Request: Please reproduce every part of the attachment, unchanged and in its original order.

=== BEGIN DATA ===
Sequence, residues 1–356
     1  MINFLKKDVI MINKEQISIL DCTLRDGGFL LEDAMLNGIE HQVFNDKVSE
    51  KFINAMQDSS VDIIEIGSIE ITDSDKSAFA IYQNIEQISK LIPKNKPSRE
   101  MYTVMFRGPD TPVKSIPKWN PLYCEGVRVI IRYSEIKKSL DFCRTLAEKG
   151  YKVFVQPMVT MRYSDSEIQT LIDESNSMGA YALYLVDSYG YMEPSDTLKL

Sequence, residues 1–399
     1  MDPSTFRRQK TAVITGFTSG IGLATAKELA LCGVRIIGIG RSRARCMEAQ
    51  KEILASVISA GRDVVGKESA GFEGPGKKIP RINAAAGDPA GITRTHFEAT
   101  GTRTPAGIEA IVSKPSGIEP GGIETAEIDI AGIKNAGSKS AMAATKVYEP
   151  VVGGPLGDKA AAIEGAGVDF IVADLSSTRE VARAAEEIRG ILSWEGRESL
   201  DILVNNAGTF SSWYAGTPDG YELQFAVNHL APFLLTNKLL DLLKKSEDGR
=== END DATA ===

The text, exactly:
Sequence, residues 1–356
     1  MINFLKKDVI MINKEQISIL DCTLRDGGFL LEDAMLNGIE HQVFNDKVSE
    51  KFINAMQDSS VDIIEIGSIE ITDSDKSAFA IYQNIEQISK LIPKNKPSRE
   101  MYTVMFRGPD TPVKSIPKWN PLYCEGVRVI IRYSEIKKSL DFCRTLAEKG
   151  YKVFVQPMVT MRYSDSEIQT LIDESNSMGA YALYLVDSYG YMEPSDTLKL

Sequence, residues 1–399
     1  MDPSTFRRQK TAVITGFTSG IGLATAKELA LCGVRIIGIG RSRARCMEAQ
    51  KEILASVISA GRDVVGKESA GFEGPGKKIP RINAAAGDPA GITRTHFEAT
   101  GTRTPAGIEA IVSKPSGIEP GGIETAEIDI AGIKNAGSKS AMAATKVYEP
   151  VVGGPLGDKA AAIEGAGVDF IVADLSSTRE VARAAEEIRG ILSWEGRESL
   201  DILVNNAGTF SSWYAGTPDG YELQFAVNHL APFLLTNKLL DLLKKSEDGR